July 4, 2014


How the Complete Meaning of July Fourth Is Slipping Away (Gordon S. Wood, July 4, 2011, New Republic)

[F]or Americans the Declaration has a special significance. It infused into our culture most of what we have come to believe and value. Our noblest ideals and highest aspirations--our beliefs in liberty, equality, and individual rights, including the right of every person to pursue happiness--came out of the Declaration of Independence. Consequently, it is not surprising that every reform movement in American history--from the abolitionists of the 1830s, to the feminists at Seneca Falls in 1848, to the civil rights advocates of the 1960s--invoked the words and ideals of the Declaration. It was Abraham Lincoln who made the most of the Declaration, particularly its assertions of human equality and inalienable rights. Thomas Jefferson, the principal drafter of the Declaration, said Lincoln, "had the coolness, forecast, and capacity to introduce into a merely revolutionary document, an abstract truth, applicable to all men and all times, and so to embalm it there, that today, and in all coming days, it shall be a rebuke and stumbling block to the very harbingers of re-appearing tyranny and oppression." A century later, on the steps of the Lincoln Memorial, Martin Luther King, Jr. took inspiration from this abstract truth embodied in the Declaration.

For us Americans, the words of the Declaration have become central to our sense of nationhood. Because the United States is composed of so many immigrants and so many different races and ethnicities, we can never assume our identity as a matter of course. The nation has had to be invented. At the end of the Declaration, the members of the Continental Congress could only "mutually pledge to each other our Lives, our Fortunes, and our sacred Honor." There was nothing else but themselves that they could dedicate themselves to--no patria, no fatherland, no nation as yet. In comparison with the 235 year-old United States, many states in the world today are new, some of them created within fairly recent past. Yet many of these states, new as they may be, are under-girded by peoples who had a pre-existing sense of their ethnicity, their nationality. In the case of the United States, the process was reversed: We Americans were a state before we were a nation, and much of our history has been an effort to define that nationality.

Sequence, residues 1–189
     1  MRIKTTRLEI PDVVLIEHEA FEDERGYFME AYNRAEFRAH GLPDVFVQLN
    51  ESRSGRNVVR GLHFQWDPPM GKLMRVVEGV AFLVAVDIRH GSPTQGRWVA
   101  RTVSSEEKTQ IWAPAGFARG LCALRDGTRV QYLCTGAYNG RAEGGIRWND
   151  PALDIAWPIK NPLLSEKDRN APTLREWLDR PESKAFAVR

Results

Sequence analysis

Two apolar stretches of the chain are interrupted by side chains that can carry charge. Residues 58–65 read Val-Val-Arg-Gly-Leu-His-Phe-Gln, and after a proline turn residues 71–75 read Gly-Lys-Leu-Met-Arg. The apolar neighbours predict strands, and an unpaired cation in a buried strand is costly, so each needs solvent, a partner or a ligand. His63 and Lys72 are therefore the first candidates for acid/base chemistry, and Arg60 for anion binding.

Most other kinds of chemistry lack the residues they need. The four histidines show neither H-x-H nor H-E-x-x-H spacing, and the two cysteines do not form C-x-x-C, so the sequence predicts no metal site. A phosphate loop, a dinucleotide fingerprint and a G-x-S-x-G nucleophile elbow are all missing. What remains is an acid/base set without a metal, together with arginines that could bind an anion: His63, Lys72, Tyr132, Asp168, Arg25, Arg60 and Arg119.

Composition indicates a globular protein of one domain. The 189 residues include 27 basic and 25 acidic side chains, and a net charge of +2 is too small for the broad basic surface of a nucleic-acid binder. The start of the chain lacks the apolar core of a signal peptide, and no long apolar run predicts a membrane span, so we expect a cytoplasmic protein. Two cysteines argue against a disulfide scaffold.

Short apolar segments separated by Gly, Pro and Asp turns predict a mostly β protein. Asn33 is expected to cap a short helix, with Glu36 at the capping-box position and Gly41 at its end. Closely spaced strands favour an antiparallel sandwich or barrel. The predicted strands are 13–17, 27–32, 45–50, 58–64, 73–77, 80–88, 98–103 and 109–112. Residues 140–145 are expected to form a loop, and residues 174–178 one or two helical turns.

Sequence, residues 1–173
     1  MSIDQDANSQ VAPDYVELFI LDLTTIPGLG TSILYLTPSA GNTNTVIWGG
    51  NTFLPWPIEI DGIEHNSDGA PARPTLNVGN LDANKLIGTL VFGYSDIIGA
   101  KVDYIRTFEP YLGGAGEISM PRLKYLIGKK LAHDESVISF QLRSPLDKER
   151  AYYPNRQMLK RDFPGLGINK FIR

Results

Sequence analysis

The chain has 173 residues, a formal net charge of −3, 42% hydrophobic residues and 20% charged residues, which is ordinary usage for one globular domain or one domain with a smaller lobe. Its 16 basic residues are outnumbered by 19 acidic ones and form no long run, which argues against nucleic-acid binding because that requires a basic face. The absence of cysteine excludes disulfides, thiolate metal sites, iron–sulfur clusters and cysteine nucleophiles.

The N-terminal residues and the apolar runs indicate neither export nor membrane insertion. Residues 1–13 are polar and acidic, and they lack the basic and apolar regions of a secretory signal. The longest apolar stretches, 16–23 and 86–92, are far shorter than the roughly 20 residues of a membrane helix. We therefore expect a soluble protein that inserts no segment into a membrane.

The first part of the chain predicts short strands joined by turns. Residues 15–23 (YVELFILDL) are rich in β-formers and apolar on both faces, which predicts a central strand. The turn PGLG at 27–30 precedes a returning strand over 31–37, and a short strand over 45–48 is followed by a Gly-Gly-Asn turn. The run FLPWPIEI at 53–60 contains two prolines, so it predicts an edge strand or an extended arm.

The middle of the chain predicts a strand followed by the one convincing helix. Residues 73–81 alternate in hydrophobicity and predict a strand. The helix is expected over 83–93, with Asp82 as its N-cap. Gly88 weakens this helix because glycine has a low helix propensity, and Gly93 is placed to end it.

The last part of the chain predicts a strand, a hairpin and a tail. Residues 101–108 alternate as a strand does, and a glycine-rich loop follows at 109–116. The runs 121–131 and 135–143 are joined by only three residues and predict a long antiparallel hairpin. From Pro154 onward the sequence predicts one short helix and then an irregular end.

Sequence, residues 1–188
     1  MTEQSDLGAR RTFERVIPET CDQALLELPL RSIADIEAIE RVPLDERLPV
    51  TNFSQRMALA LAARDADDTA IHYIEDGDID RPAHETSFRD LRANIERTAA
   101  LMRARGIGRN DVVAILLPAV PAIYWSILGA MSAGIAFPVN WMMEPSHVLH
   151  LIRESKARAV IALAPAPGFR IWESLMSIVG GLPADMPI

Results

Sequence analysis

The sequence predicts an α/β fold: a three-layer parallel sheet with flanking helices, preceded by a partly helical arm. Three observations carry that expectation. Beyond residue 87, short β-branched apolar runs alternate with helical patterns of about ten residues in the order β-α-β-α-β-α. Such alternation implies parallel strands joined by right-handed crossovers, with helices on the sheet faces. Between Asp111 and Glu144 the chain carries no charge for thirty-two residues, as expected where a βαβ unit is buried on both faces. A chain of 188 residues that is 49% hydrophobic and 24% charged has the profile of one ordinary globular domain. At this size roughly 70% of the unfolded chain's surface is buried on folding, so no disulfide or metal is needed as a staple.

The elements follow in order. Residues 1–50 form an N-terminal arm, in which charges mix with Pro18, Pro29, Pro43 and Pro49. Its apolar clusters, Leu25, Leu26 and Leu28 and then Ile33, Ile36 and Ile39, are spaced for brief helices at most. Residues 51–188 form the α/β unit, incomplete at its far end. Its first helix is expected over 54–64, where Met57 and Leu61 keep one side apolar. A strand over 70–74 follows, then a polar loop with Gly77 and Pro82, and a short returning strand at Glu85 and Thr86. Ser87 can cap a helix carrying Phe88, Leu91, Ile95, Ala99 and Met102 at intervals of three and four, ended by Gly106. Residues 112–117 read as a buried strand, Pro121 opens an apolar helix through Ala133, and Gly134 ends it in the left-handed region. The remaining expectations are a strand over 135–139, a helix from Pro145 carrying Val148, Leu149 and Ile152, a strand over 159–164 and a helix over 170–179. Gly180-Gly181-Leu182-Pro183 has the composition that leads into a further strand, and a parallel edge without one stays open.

In fact, even today America is not a nation in any traditional meaning of the term. We Americans have had to rely on ideas and ideals in order to hold ourselves together and think of ourselves as a single people. And more than any other single document in American history, the Declaration has embodied these ideas and ideals. Since it is our most sacred text, the day, July 4, 1776, that gave birth to it ought to be understood with all the significance and solemnity that John Adams gave to it.

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[originally posted: 7/05/11]

Posted by at July 4, 2014 12:44 AM

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